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Stratified (In)Fertilities

Stratified (In)Fertilities - Kathryn Medièn

The Stratified (In)Fertilities work package addresses the ways in which fertility and infertility are distributed and differently experienced along axes of race, class, gender, sexuality, and structured by border controls, colonial and settler colonial regimes, and geo-political location. Rather than asking how fertility and reproduction are affected by or a product of these structures, this work package asks how stratified reproduction and fertility can serve as a lens through which to understand geopolitics. Born out of much older histories of enslavement, imperial extraction and colonial and settler colonial projects, overt far-right politics are on the rise globally. Coupled with ecological destruction, selective national healthcare systems, the proliferation of carceral technologies of surveillance and control (algorithmic policing, private prisons, immigrant incarceration, biometric governance etc.), and the increase in the forced movement of peoples, who gets to reproduce is a problematic that is becoming increasingly central to feminist and far-right discourse alike.

Informed by the work of scholars such as Ruha Benjamin, Dorothy Roberts, Kim Tallbear, Michelle Murphy, among others, and drawing on the traditions of feminist theory, critical race studies, and reproductive activism, this work package centres processes of racialization as central to the production of (in)fertility and experiences of it in post-ART times.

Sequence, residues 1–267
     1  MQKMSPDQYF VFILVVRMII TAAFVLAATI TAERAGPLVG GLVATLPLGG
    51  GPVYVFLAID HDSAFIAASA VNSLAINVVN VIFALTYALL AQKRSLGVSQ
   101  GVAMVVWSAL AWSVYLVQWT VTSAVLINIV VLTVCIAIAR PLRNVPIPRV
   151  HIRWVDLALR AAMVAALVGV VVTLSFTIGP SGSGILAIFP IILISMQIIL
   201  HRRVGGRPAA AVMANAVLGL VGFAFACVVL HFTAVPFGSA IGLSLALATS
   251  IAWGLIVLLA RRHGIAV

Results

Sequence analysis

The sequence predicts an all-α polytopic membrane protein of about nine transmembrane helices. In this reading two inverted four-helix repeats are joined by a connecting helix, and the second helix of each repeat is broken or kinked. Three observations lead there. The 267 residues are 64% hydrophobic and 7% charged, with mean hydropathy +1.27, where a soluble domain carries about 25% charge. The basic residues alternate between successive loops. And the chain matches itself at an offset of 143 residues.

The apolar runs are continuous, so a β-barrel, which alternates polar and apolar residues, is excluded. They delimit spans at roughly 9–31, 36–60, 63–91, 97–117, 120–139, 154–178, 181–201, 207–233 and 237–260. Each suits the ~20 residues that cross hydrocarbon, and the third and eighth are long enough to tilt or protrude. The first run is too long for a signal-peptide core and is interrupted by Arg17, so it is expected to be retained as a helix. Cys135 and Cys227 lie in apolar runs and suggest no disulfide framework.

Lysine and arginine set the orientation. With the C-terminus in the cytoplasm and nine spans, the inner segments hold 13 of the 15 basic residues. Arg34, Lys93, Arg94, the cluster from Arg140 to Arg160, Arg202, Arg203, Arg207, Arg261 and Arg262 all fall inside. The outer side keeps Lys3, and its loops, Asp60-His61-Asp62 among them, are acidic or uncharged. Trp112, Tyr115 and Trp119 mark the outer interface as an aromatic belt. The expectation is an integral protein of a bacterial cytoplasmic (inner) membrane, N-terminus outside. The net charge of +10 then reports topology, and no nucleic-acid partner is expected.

Bringing these various histories, stratifications and strands together, the Stratified (In)Fertilities work package explores the specific interconnections between the introduction of NHS charges for maternal care and Home Office border enforcement as they play out in the context of the ‘hostile environment’. As such, the project asks what the tools and technologies being used to regulate migrant women’s reproductive lives tell us about the nature of contemporary British state governing and bordering practices. In particular, I am seeking to understand how data sharing between NHS trusts’ and the Home Office impact migrant women’s ability to access appropriate maternal care, and the informal networks of support and survival that are emerging in response to these charges.

Changing (In)Fertilities is a major new collaborative interdisciplinary research project funded by the Wellcome Trust and based in the Reproductive Sociology Research Group (ReproSoc) at the University of Cambridge, in collaboration with Prof. Marcia C. Inhorn of Yale University.

 

We know that IVF and ARTs do not just reproduce babies: they reproduce values, norms, identities and institutions.

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This project is funded by the Wellcome Trust